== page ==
Longtime coaches hold Naugatuck together
Even the best laid plans can unravel a football team. Distractions, injuries, miscues and just plain bad luck can lead a championship path into a roadside ditch. But that is the marvel of sports: overcoming adversity and watching the underdog rise up and become victorious.
What the Naugatuck football team had to endure this season was a true test of every coach’s and player’s character.
Three weeks before the start of the 2012 season, head coach Rob Plasky resigned after 11 years at the helm. An investigation into recruiting violations forced the fiery coach to step down after leading the ‘Hounds to two Naugatuck Valley League titles and state playoff appearances in 2001 and 2010.
The CIAC concluded in September that Naugatuck was guilty of several violations and levied several punishments, including a $7,500 fine and a two-year probation on the football program. It didn’t include a postseason ban but any further violations during the probation period would certainly entail such a consequence.
In the immediate aftermath of Plasky’s resignation, which occurred just days into the Greyhounds’ preseason conditioning week, Naugatuck athletic director Tom Pompei appointed assistant Shawn Kuczenski as interim head coach. The school administration decided there wasn’t enough time to post the full-time position with the season all but underway.
It was the worst of starts for any team entering a season but the Greyhounds used an “us against the world” mentality, according to Kuczenski, to rally around each other and put the situation behind them — and it’s all resulted in a winning season.
“It was a rough few days after coach Plasky resigned,” said Kuczenski, a 1987 Naugatuck High grad in his 12th season on the Greyhounds’ staff. “We had to come together quickly to get the kids to concentrate on football again. I knew we had a talented team and it was just a matter of getting them back on track.”
Kuczenski already had a good rapport with the kids after spending nine years as the freshman coach. During that time, he posted just one losing record with the young ‘Hounds.
His attention to detail as defensive coordinator helped the Greyhounds shut down a potent Ansonia offense as Naugatuck stunned the Chargers to win the 2010 NVL title at Jarvis Stadium.
“Coaching at my alma mater was the only place I wanted to coach,” Kuczenski said.
What helped the players the most during those first few weeks following the turmoil was having a coaching staff with whom they were familiar.
Offensive coordinator Chico Echevarria has been coaching for seven years and was the offensive line coach in 2010 when his son Aaron was a key figure in that year’s league title game.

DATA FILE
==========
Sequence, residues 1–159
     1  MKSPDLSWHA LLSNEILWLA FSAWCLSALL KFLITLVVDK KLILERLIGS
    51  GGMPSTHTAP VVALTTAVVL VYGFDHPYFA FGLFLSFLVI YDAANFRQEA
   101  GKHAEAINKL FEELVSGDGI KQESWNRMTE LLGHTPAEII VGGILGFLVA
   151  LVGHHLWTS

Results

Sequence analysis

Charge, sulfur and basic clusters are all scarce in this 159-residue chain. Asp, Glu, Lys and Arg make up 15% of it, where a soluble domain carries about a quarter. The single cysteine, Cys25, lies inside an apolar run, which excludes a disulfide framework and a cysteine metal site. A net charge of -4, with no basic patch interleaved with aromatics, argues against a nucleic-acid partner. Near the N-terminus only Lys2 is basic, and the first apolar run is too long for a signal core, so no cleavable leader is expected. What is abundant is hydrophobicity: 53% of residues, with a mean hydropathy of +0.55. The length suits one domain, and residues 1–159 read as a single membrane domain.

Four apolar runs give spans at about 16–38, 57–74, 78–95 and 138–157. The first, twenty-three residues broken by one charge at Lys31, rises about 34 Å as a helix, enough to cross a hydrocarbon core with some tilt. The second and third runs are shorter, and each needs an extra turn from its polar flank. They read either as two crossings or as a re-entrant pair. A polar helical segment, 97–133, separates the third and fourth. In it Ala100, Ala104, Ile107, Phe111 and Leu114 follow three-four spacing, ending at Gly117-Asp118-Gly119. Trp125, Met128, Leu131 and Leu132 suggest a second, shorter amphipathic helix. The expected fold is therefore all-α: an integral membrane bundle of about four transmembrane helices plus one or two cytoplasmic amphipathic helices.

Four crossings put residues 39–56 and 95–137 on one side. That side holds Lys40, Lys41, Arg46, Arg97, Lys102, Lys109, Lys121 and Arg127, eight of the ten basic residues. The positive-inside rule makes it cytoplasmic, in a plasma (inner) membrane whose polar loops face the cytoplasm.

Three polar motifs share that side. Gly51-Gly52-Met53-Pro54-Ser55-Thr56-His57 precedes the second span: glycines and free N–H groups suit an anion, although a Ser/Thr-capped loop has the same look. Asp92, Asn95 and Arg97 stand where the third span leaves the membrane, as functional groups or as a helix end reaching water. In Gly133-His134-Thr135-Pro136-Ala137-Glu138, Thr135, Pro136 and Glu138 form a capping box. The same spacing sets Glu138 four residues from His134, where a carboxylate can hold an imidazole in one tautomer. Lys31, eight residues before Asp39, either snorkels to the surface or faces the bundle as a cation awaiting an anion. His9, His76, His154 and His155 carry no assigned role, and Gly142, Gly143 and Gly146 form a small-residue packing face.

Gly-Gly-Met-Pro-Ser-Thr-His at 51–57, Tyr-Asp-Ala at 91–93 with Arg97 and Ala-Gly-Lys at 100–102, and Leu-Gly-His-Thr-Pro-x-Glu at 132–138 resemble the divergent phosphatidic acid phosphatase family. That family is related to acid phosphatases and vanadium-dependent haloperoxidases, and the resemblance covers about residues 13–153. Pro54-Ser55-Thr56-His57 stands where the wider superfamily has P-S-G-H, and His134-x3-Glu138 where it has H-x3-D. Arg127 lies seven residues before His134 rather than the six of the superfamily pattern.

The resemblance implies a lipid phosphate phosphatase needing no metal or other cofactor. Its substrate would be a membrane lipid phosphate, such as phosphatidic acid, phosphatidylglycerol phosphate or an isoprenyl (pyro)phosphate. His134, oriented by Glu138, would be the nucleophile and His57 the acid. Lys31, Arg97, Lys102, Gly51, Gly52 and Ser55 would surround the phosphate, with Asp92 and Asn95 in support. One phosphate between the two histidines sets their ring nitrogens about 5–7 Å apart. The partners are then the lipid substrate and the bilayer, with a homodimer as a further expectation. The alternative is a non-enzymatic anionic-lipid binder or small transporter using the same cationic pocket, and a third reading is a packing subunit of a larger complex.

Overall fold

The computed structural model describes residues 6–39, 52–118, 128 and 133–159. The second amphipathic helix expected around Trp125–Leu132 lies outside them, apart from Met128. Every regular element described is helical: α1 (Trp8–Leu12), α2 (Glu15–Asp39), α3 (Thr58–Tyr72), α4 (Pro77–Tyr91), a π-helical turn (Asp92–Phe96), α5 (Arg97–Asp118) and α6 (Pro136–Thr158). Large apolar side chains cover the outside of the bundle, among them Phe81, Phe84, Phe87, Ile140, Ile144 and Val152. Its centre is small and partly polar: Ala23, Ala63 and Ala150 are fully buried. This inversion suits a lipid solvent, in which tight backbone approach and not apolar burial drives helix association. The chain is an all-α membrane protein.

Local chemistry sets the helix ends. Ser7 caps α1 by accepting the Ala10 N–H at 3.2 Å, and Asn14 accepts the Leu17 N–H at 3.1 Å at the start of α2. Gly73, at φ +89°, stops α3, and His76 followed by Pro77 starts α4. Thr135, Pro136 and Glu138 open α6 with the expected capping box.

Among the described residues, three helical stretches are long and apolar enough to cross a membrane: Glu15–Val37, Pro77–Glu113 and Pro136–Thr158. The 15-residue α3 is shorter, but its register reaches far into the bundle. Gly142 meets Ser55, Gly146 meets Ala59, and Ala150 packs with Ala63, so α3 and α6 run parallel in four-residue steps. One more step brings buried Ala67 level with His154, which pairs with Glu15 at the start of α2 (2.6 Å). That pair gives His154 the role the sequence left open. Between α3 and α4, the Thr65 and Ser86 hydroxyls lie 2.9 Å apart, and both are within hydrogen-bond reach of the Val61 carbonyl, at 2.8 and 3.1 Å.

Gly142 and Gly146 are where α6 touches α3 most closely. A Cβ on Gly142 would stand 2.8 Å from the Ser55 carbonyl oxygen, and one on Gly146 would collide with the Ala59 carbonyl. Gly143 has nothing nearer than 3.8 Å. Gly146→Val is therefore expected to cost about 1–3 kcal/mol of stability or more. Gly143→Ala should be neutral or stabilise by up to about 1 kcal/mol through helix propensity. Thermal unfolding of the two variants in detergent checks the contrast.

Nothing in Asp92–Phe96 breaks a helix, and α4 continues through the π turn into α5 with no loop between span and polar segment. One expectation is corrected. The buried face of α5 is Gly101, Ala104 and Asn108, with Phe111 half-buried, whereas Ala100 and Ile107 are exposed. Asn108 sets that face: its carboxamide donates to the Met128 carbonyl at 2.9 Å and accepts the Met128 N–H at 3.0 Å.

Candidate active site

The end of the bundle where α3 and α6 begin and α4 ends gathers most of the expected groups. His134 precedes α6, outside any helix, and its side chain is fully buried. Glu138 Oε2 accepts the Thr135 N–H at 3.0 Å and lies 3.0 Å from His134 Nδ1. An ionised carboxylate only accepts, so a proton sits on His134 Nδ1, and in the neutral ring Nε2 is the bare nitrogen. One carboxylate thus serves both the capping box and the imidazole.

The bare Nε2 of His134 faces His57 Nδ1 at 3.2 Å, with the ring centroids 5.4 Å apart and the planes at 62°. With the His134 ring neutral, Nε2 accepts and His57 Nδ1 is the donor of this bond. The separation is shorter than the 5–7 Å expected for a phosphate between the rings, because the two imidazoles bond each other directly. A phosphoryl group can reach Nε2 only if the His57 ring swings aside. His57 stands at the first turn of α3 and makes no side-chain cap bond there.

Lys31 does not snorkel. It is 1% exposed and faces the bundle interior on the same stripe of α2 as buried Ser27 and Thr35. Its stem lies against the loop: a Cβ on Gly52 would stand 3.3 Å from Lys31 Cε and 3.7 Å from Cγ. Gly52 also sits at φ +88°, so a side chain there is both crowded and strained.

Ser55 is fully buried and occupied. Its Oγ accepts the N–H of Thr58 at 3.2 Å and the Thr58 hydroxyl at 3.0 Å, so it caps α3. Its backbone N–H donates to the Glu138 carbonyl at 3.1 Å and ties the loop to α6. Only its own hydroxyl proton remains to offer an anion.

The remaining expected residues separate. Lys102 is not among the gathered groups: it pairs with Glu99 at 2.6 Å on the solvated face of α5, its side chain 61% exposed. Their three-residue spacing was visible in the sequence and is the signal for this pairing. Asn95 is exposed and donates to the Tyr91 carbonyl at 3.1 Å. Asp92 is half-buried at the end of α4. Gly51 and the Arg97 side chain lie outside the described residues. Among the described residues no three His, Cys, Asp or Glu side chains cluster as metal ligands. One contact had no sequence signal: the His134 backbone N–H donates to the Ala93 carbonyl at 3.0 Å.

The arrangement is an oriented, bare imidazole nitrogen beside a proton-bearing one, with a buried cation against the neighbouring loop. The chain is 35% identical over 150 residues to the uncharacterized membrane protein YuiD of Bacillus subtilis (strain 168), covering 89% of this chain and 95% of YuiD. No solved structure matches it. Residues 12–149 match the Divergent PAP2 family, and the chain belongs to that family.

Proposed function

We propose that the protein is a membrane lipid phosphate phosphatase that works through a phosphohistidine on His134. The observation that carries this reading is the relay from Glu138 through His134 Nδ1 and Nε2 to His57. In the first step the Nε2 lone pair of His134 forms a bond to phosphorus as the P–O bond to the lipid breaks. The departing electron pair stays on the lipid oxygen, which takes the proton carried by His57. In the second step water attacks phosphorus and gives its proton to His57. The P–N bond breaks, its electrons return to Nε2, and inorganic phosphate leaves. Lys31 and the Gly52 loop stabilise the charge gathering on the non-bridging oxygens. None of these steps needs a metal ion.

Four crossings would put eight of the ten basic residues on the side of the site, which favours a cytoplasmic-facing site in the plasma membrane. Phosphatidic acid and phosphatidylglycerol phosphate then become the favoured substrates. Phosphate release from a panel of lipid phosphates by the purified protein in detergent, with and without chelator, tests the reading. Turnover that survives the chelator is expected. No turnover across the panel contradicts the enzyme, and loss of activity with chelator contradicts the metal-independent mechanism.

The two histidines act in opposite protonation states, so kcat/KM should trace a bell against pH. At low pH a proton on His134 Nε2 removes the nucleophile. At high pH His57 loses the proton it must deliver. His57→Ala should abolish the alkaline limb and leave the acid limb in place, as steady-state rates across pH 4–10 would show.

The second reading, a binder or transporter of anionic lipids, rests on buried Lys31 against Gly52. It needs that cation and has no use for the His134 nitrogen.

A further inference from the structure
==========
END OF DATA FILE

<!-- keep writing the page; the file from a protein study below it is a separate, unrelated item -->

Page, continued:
“I’m very happy with the way this team has responded,” said Echevarria, a 1984 Naugy grad. “We have a lot of young kids who really have stepped up. Patrick Murphy, Will Paul and Jack Reardon are all sophomores and playing very well on the line.
“Jason Bradley is also a sophomore and has really surprised a lot of teams in the NVL this season,” he continued. “I believe getting them back to thinking about football right away after the switch was the key to getting them through this.”
Assistant coach Chuck Rek has been roaming the sidelines for 25 years. He has seen many of championship seasons and many of lean years. But it’s that kind of stability manning the sidelines that got this team back on track.
“We all accepted what happened and came to terms with it right away and that was the key,” said Rek, a 1981 Naugatuck graduate who started as a volunteer coach under the legendary Craig Peters. “The sooner we did that the sooner we could start concentrating on football again. We had a few games with Derby and Holy Cross that were decided by one play. We may not be playing for a postseason spot but the Ansonia game is our Super Bowl every year.”
Tom Tousignant, a 2007 Naugy grad and a former player at Western New England College, is the junior varsity coach and directs the lineman. Under his tutelage the young Greyhounds line has opened holes for Mick Pernell to set the school’s single-season record for touchdowns and provided Bradley time to throw for more than 1,000 yards.
“It’s pretty awesome to be back coaching at Naugatuck,” he said.
Jeff Scanlon is in his fourth season as freshman coach and many of his young players are playing key roles in the Greyhounds success this season.
“I coached a lot of the kids at the Pop Warner level and the travel flag football team,” said Scanlon, a 1996 graduate of Holy Cross. “Shawn asked me to help him out with the freshman team a few years back.”
Bryan Coney, a Naugatuck police officer, serves as a volunteer coach in his first year with the Greyhounds.
This tight-knit group of coaches, along with the players’ resilience, have allowed the Greyhounds to overcome adversity and achieve a winning 2012 season.